Sedgwick: Another Turbulent Summer Ahead for Shipping

A tumultuous summer lies ahead for shipping, says Sedgwick's Darin Miller
Darin Miller, National Director for Marine at Sedgwick, offers his summer shipping outlook amid ongoing militant attacks on merchant vessels in the Red Sea

It’s been a pretty tumultuous few years for shipping and the wider supply chain space, to say the least. 

COVID-19 severely impacted the shipping industry and, therefore, the global economy, on a vast scale. Illness caused by the virus dramatically reduced the number of available port staff and slowed down the speed at which cargo could be processed. 

Shipping lines had little option but to cut down their number of operating ships, leading to container shortages and causing lengthy delays – ultimately sending freight rates sky high.

Just as global trade was seemingly beginning to cover, the 2021 blockage of the Suez Canal – one of the world’s busiest freight cut-throughs – delayed the transportation of billions of dollars’ worth of goods and significantly slowed trade between Europe, Asia and the Middle East.

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The ongoing era of disruption has been compounded in recent months by militant attacks on merchant vessels in the Red Sea, which began in light of the Israel-Hamas war.

Hundreds of commercial vessels have been forced to detour thousands of miles around the Cape of Good Hope, close to the southern tip of Africa, in a bid to avoid attacks from Houthi rebels. 

While not as serious from a supply chain perspective, vulnerabilities were further exposed following the tragic collapse of the Francis Scott Key Bridge in Baltimore in March.

Increased costs set to reach end users

With conflict in the Red Sea ongoing and many global supply chains remaining fragile, another turbulent summer is on the cards. 

Darin Miller, National Director for Marine at Sedgwick, a leading global provider of technology-enabled risk, benefits and integrated business solutions, paints a picture of the present situation.

Darin Miller, National Director for Marine at Sedgwick

“Container rates, which dropped last year, have now skyrocketed, nearly doubling over the past six months from roughly US$3,000 to US$6,000,” he says.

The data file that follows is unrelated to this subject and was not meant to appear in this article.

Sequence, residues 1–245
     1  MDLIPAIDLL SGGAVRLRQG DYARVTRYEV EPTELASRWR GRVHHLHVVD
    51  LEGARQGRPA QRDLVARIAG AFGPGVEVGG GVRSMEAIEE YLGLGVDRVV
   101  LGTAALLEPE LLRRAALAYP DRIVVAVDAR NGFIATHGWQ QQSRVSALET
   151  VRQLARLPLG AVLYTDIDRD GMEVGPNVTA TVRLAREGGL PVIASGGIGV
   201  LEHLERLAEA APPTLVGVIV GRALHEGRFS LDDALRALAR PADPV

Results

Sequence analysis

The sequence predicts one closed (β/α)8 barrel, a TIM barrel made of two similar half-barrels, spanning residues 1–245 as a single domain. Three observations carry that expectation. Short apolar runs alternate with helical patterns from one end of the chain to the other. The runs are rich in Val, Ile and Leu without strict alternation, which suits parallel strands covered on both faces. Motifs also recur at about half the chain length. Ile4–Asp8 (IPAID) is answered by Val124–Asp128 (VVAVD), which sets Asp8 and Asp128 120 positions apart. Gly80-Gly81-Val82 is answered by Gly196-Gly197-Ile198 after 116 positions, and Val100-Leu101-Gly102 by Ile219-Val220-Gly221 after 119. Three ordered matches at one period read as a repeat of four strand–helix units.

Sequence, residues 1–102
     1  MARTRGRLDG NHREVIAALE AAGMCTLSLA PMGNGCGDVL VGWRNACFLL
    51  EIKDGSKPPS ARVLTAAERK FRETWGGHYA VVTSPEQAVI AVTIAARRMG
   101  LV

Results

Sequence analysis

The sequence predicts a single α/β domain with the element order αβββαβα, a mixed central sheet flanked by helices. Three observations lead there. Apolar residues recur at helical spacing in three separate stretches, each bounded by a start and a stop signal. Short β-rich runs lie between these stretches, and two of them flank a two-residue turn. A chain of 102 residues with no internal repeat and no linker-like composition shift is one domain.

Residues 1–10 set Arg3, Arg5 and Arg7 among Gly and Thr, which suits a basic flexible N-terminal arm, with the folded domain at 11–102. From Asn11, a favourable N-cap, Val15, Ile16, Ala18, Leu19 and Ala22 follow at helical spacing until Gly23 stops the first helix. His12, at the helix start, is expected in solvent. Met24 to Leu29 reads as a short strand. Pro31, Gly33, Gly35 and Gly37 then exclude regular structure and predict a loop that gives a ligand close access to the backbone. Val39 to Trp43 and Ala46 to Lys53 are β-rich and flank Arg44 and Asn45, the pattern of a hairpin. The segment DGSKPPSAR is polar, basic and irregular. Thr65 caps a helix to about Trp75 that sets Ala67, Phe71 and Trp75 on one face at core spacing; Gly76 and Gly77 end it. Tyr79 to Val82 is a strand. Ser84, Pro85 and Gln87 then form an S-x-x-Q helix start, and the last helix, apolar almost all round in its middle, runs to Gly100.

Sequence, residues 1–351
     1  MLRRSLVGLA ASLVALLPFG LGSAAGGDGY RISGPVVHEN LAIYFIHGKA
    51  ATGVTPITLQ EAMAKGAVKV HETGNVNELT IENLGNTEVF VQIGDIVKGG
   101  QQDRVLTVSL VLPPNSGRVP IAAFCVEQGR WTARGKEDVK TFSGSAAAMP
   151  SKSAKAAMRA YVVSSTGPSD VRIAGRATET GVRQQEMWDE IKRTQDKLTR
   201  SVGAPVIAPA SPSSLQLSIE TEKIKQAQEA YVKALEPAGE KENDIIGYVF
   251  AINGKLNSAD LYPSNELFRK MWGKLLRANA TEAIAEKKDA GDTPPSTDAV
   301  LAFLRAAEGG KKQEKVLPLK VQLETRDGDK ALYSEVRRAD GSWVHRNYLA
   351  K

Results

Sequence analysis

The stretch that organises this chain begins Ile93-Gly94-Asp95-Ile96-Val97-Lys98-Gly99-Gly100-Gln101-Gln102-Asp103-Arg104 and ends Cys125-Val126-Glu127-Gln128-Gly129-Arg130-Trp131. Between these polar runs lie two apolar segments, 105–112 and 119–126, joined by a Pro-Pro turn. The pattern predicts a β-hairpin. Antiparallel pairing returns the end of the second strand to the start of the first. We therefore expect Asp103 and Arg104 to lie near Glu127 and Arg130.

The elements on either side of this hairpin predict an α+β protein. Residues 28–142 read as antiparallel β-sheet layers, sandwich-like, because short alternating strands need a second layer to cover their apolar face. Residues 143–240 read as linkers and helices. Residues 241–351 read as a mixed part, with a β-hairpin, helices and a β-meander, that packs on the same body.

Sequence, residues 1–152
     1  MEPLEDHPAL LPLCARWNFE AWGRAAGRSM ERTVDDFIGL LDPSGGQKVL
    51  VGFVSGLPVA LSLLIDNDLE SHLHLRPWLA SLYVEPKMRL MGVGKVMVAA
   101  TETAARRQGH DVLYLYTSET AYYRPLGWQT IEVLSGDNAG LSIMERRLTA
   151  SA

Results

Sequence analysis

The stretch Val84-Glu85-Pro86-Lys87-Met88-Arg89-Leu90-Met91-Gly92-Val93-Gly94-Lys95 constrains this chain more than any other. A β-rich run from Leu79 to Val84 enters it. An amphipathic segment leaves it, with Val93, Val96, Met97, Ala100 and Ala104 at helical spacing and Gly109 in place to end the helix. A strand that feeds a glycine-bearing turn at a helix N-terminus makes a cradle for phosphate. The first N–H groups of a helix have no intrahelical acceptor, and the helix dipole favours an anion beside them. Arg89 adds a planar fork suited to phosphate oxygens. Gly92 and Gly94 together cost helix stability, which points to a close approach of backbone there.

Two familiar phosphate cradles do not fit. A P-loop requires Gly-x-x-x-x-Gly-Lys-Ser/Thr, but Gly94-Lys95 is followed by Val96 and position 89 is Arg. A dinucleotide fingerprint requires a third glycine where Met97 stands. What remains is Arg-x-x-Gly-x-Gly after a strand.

“These increased costs will inevitably be passed on to the end user.

“A major factor driving this rate fluctuation is the disruption in the Red Sea, forcing reroutes around Africa and causing significant delays.

This has led to container congestion in Asian ports, with some delays in Singapore extending up to a week. 

“Even if the Middle Eastern turmoil were resolved today, it would still take months for shipping congestion and high container rates to stabilise, suggesting these conditions will persist throughout the summer.”

US could experience ‘invisible inflation’

Darin highlights that a silver lining exists from the perspective of US businesses and consumers. 

The Port of Los Angeles on the US West Coast

While extended shipping timelines have a more direct impact on the UK, France, Northern Europe and the Middle East, most deliveries to the West Coast of the US remain unaffected despite some delays due to Asian port congestion. 

Darin’s take is that the US will likely experience “invisible inflation”, with increased costs impacting lower-value goods more than high-value items.

“Consumers buying from small businesses will feel the US$3,000 container rate increase more acutely than those purchasing high-value items like iPhones,” he continues. 

“This discrepancy is partly because big-box retailers have ongoing contracts with container shipping lines at lower rates, whereas smaller businesses will face inflated rates to fulfil orders. Consequently, while big-box retailers might withstand these pressures, smaller retailers are at greater risk of lowered profitability.”

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